UK Politics

Election 2015: Inside the BBC's studio - interactive video

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Join Emily Maitlis for an interactive, behind-the-scenes tour of the BBC's Election 2015 TV studio at Elstree as the team prepares for a marathon live broadcast which kicks off as the polls close on Thursday.

Emily introduces her 6m (20ft) graphics screen which will show every result from across the country. You can also get a preview of the technical wizardry that will have Jeremy Vine standing in the House of Commons and outside 10 Downing Street without leaving the studio.

Election 2015 begins at 21:55 BST on Thursday on BBC One in England, and at 22:30 BST on BBC Two in Scotland, Wales and Northern Ireland. It will also be streamed live on the BBC News website.

There will also be coverage on the BBC News Channel and BBC World News.

The video works best in full screen.

The Election 2015 studio is at the BBC Elstree site north of London. Click to see a timelapse video of the impressive set being put together.

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Media captionTimelapse video of the BBC election set being built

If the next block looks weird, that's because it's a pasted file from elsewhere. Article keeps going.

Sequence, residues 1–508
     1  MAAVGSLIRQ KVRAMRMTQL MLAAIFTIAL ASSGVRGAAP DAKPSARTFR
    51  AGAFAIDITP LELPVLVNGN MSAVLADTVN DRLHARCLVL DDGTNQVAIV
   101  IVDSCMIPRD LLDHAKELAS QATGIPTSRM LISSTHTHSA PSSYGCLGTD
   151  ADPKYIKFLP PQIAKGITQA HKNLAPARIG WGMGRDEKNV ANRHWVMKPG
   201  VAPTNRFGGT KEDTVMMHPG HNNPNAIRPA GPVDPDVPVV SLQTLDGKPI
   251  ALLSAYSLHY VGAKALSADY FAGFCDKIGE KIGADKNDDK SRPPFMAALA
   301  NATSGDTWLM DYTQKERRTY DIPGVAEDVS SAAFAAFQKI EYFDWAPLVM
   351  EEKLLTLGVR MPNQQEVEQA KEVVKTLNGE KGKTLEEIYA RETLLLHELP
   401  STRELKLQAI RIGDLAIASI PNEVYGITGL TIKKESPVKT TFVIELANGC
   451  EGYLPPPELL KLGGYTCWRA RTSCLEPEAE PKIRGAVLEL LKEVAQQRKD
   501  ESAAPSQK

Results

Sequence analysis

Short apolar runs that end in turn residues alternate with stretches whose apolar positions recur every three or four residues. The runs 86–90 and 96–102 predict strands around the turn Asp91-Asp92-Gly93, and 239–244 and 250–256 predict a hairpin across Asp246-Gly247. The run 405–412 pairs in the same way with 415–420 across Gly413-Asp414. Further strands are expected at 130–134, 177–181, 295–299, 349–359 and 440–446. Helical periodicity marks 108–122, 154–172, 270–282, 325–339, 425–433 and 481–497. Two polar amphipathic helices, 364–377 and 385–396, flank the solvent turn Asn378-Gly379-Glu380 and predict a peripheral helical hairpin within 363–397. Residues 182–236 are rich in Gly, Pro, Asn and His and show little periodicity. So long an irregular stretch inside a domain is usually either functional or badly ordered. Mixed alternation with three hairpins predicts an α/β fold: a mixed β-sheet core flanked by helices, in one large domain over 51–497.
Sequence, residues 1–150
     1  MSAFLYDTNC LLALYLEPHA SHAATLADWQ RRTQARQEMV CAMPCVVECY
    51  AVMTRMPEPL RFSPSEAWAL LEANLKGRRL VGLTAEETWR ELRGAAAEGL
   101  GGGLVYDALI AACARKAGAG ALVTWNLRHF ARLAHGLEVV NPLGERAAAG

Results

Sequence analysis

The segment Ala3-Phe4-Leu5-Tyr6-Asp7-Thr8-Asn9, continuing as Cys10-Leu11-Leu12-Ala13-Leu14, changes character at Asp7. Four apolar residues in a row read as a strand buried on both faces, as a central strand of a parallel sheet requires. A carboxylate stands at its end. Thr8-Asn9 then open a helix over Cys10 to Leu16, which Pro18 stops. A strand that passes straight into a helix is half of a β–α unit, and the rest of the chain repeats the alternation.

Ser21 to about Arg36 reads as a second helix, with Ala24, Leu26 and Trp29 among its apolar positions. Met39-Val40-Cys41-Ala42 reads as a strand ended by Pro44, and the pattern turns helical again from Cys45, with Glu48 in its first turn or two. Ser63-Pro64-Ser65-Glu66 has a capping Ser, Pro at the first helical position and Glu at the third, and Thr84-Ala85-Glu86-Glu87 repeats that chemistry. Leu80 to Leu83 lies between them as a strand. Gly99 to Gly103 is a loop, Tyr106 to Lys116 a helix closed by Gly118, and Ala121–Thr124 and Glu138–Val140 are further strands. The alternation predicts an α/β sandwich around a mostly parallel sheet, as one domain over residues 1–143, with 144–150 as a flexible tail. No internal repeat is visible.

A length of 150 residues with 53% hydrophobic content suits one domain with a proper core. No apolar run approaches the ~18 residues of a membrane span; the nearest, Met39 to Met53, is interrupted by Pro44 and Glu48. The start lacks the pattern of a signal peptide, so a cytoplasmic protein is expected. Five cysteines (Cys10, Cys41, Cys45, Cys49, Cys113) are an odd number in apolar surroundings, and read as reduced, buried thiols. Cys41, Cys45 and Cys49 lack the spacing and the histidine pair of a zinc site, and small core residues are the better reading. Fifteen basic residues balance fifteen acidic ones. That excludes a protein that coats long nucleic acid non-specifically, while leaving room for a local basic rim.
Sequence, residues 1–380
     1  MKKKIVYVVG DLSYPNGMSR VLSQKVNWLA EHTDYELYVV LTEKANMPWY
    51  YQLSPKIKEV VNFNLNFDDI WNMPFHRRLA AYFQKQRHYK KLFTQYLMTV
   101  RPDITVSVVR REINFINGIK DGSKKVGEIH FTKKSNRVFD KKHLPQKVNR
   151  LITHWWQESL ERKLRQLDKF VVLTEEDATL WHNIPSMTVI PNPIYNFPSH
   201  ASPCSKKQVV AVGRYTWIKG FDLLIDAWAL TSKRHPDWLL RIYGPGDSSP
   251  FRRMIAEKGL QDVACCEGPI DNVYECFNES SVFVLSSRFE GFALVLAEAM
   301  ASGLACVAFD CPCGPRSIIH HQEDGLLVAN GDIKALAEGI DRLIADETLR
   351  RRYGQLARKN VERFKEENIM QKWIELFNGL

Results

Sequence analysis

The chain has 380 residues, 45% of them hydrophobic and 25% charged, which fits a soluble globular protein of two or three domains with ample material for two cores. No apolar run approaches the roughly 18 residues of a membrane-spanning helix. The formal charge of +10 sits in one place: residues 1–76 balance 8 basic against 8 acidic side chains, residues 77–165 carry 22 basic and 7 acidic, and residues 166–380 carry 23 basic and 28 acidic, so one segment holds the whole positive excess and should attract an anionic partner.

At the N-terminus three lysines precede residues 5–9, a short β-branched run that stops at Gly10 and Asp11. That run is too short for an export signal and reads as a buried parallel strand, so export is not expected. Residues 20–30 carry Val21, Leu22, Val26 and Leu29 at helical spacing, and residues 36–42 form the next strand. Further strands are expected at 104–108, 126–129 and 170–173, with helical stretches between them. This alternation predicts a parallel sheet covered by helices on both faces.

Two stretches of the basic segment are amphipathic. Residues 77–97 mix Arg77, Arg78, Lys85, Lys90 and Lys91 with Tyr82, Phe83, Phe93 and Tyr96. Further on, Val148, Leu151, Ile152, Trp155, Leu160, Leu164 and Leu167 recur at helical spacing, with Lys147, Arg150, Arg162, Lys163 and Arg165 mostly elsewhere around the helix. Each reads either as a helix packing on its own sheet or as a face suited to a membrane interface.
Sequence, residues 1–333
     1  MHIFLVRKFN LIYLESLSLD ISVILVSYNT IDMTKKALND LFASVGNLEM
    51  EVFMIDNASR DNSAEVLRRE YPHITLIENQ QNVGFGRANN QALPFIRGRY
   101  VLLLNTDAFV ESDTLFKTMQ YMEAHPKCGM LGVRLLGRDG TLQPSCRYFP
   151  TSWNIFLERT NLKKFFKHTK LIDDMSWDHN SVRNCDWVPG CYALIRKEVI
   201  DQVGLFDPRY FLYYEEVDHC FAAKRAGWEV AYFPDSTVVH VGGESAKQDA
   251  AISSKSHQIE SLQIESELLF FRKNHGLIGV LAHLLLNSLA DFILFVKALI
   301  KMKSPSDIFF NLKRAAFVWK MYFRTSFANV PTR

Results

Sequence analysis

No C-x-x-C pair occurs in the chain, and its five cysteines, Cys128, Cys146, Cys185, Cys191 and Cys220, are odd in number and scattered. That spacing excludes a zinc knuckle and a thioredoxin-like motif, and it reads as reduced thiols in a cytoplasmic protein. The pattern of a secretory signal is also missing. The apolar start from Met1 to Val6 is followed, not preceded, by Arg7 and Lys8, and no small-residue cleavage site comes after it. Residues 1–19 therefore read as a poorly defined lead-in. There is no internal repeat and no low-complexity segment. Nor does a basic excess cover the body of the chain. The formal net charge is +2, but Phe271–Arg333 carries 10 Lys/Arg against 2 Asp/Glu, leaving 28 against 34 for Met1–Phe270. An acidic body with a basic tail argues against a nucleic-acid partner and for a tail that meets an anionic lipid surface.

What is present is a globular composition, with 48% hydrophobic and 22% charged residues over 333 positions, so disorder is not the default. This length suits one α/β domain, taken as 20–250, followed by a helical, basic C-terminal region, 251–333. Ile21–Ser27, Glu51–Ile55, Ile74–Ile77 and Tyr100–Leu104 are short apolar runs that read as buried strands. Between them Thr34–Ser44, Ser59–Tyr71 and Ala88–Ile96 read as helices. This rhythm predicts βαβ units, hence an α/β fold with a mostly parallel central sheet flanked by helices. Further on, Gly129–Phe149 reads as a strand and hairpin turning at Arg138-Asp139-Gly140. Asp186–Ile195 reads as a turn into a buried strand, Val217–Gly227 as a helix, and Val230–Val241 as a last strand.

Presenters include David Dimbleby, Huw Edwards, Laura Kuenssberg, Andrew Neil, Sophie Raworth, Nick Robinson and Jeremy Vine. Emily Maitlis will be monitoring the exit polls and all the results as they arrive using a six-metre touch screen. Click to see it in action.

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Media captionEmily Maitlis and election touch screen

Part of the Election 2015 studio is given over to a huge green screen area. Here Jeremy Vine will be able to walk among three-dimensional graphics to explain how the political parties are faring in their key battlegrounds and how the chamber of the House of Commons could look as the distribution of MPs becomes clear. Watch the video to see Jeremy in action.

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Media captionJeremy Vine shows us around the BBC election green screen area

The engine driving the BBC's election analysis is a team of psephologists - people who study elections - who will be analyzing every result across the country to identify voting patterns and trends that help to give a picture of the shape of the next government.

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Media captionMeet the BBC's team of psephologists

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